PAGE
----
Guest Post: Increased Access to Metadol-D and Guidance from BCCSU
Recently, a decision was made by the Ministry of Health to provide coverage for the commercially available Metadol-D product (DIN 2244290) as an alternative for patients in the community who cannot take or are not benefiting from Methadose. As of May 28, 2019, Metadol-D (10mg/mL) is eligible for regular benefit coverage through PharmaCare.
Patients and prescribers in BC will now have the option to choose between two formulations of benefit methadone – Methadose or Metadol-D – when starting opioid agonist treatment (OAT). Additionally, if patients are experiencing side effects or breakthrough withdrawal symptoms with one methadone formulation, they have the option to switch to the other formulation. Pharmacists, in collaboration with the patient’s care team, can help patients identify if they are not responding well to one methadone formulation and support patients during transitions as part of their opioid agonist treatment.
The majority of British Columbians currently prescribed methadone are taking Methadose. As described in our previous guest post, when Methadose was added to the provincial formulary in February 2014, some patients reported experiencing increased withdrawal symptoms (e.g., pain, nausea) or withdrawal symptoms that emerged earlier after taking a dose (i.e., in less than 24 hours) than with the compounded methadone formulation they had previously been taking. It was reported that for some people, the switch from the compounded formulation to Methadose had unintended but serious consequences, leading to re-initiation of illicit drug use, injection drug use, and/or high-risk income generating activities.(1-3) The risks and harms that individuals have experienced have been compounded in the context of the opioid overdose crisis, Provincial Public Health Emergency and the toxic illicit drug supply.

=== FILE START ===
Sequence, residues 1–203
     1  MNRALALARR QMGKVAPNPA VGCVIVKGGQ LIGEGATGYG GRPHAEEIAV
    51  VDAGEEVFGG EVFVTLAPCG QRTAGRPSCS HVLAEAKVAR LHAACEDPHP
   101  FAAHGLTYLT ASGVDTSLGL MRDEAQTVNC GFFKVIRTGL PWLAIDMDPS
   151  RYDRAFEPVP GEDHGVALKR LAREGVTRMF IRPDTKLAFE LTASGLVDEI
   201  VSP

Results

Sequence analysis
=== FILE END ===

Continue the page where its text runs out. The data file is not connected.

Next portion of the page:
Patients who have experienced challenges since the switch to Methadose may benefit from access to a safe, effective alternative methadone formulation, particularly if they have benefited from methadone in the past. As the Provincial Public Health Emergency continues in BC, the need to expand the scope and reach of evidence-based treatment interventions that are proven to reduce harm, including overdose deaths, remains critical. Providing patients and prescribers with choices for methadone-based OAT is one important step.
The BCCSU has developed a guidance document to support prescribers, pharmacists, and patients in accessing Metadol-D. The guidance document recommends the prescriber contact the patient’s community pharmacy to notify them of changes to the formulation prescribed to a patient, and to ensure that Metadol-D is available and in stock.
BC CENTRE ON SUBSTANCE USE METADOL-D® GUIDANCE
The British Columbia Centre on Substance Use (BCCSU) recently updated their guidance document for prescribers and pharmacists on Metadol-D.